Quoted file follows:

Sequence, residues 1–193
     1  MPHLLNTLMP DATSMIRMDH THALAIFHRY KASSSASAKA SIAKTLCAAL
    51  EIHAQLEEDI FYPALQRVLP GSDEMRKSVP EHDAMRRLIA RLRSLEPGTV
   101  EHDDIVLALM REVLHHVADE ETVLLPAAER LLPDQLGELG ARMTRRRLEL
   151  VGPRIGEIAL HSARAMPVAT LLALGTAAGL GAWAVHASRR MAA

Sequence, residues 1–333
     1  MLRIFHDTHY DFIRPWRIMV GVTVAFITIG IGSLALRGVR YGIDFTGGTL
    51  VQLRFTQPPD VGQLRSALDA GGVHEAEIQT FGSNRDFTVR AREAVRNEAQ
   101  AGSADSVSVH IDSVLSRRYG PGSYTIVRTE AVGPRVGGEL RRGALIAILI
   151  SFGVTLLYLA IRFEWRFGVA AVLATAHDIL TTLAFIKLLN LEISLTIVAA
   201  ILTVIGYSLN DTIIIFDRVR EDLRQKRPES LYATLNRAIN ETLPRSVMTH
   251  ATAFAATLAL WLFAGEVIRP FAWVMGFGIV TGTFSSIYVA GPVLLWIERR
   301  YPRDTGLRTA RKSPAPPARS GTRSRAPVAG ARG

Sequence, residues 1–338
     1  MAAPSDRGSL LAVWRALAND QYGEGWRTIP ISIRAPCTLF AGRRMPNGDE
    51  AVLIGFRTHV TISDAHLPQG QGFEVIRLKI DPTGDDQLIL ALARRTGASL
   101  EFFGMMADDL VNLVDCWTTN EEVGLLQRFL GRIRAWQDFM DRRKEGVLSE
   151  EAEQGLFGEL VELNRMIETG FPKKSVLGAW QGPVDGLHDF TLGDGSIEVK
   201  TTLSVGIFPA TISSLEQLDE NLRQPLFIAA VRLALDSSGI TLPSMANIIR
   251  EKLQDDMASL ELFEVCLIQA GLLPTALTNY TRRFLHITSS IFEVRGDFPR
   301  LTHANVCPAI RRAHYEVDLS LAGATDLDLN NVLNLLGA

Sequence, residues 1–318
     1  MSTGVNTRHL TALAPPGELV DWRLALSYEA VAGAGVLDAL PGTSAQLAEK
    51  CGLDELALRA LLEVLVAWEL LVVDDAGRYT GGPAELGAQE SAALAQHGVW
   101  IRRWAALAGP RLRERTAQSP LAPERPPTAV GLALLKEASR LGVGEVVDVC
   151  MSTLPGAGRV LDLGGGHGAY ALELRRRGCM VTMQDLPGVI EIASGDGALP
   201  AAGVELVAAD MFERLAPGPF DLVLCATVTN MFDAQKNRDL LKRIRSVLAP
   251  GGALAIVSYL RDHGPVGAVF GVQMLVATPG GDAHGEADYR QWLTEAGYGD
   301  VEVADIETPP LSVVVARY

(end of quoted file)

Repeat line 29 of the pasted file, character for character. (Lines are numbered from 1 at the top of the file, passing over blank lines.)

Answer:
   301  VEVADIETPP LSVVVARY